DESMOND ELLIOTT PRIZE SHORTLIST 2018

DESMOND ELLIOTT SHORTLIST EXPLORES IMPACT OF SOCIAL ISOLATION AND IMPORTANCE OF HUMAN RELATIONSHIPS

“Each of these three novels is distinguished by a striking and vivid narrative voice, a gift for storytelling, and a wise and humane gaze; and it is especially thrilling to bring to readers’ attention deserving debuts that might have thus far fallen under the radar.”

– Chair of judges and author, Sarah Perry

The three novels to be shortlisted for the 2018 Desmond Elliott Prize, the “UK’s most prestigious award for first-time novelists” (the Daily Telegraph), have been announced today (Friday 27th April 2018). How to Be Human by Paula Cocozza, Eleanor Oliphant is Completely Fine by Gail Honeyman and We That Are Young by Preti Taneja are all in the running to win the £10,000 Prize and be named the best debut novel of the year.

All three of the shortlisted titles share a preoccupation with the impact of social isolation and withdrawing from relationships with family, friends and colleagues.

How to be Human plays with the boundary between fantasy and reality as it tells the story of Mary, a young woman who increasingly shuns human interaction in favour of a curious relationship with a fox. Cocozza, who is also a feature writer for the Guardian, wrote the novel whilst completing an MA in creative writing at the University of East Anglia, where she was awarded the David Higham Award. About the novel, Sarah Perry said: “In evocative and elegant prose Cocozza delves deep into the psyche of a strange and troubled woman. The reader is invited to share in her intense connection to a fox and will admire the author’s mordantly witty dissection of contemporary manners.”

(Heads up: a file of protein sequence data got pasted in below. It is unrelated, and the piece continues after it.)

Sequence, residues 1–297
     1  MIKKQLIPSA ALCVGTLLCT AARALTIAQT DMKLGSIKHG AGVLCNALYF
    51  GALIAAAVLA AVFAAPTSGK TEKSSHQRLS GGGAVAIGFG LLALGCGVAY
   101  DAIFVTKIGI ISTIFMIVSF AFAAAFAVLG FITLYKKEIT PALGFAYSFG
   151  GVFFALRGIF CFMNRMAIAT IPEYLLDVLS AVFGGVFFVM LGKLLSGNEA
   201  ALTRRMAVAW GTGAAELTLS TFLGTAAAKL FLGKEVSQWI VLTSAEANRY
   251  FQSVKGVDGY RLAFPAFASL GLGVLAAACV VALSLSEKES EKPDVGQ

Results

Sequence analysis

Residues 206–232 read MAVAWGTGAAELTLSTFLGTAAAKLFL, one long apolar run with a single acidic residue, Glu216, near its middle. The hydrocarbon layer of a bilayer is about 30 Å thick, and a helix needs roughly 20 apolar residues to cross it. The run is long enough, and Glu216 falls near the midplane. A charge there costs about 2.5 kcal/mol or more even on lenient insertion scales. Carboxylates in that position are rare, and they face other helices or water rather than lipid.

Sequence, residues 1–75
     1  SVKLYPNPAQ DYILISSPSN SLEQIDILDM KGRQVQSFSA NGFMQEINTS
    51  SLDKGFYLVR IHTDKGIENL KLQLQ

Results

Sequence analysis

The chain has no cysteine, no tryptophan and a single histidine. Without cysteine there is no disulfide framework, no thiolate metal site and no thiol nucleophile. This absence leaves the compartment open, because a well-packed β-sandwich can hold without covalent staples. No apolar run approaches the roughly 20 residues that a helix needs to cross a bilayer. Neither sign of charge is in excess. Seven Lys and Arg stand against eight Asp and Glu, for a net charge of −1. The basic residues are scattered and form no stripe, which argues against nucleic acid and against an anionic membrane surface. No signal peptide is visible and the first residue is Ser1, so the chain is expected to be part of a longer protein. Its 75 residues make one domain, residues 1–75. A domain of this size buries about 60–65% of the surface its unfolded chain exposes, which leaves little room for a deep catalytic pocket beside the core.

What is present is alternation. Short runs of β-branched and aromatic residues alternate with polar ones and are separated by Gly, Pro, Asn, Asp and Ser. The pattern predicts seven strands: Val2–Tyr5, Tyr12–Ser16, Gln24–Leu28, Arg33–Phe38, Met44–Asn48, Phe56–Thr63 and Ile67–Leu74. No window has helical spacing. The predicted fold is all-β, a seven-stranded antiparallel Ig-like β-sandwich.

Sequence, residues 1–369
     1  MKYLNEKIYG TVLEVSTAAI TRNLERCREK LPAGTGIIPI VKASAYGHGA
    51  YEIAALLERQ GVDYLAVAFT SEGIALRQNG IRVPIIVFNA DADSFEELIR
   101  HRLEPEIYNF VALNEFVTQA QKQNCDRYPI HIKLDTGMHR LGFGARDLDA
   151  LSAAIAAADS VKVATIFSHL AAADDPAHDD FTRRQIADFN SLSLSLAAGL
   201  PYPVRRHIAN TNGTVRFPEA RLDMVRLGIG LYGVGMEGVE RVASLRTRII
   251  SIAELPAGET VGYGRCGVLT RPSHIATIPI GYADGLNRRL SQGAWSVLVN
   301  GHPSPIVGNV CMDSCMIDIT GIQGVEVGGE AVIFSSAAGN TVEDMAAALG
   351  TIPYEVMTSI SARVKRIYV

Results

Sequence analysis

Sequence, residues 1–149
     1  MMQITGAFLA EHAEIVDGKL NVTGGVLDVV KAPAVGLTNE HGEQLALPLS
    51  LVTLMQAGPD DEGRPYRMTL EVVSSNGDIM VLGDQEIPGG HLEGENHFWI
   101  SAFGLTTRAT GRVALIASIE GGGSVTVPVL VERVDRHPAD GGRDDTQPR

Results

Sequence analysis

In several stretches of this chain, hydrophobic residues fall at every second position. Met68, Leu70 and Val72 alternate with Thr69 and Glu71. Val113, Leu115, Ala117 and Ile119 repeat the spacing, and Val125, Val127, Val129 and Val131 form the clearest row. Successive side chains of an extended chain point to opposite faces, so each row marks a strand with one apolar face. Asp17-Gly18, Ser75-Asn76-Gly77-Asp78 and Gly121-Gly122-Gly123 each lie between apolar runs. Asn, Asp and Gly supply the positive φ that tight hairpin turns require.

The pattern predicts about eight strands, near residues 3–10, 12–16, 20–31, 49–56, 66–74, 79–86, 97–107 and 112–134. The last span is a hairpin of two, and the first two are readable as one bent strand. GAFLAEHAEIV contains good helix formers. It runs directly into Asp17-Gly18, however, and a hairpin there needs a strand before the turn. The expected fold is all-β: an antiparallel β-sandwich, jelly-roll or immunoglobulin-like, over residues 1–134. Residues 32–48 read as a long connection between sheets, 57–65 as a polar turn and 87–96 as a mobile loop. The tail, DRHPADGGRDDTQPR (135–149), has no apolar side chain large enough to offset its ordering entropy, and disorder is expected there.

Gail Honeyman’s best-selling debut, Eleanor Oliphant is Completely Fine, follows its titular character, the eccentric and isolated Eleanor, as she is pulled from the security of her comfort zone and, as a result, forced to come to terms with the dark events of her past. The book is currently enjoying its ninth consecutive week atop the UK e-book chart and won the 2017 Costa First Novel award. It was also longlisted for the 2018 Women’s Prize for Fiction. Perry said, “Eleanor Oliphant leaps fully formed into the reader’s imagination from the opening page. Her voice is so vital that the reader accepts without question her intense loneliness, so that her tentative journey towards a redemptive kindness becomes profoundly moving.”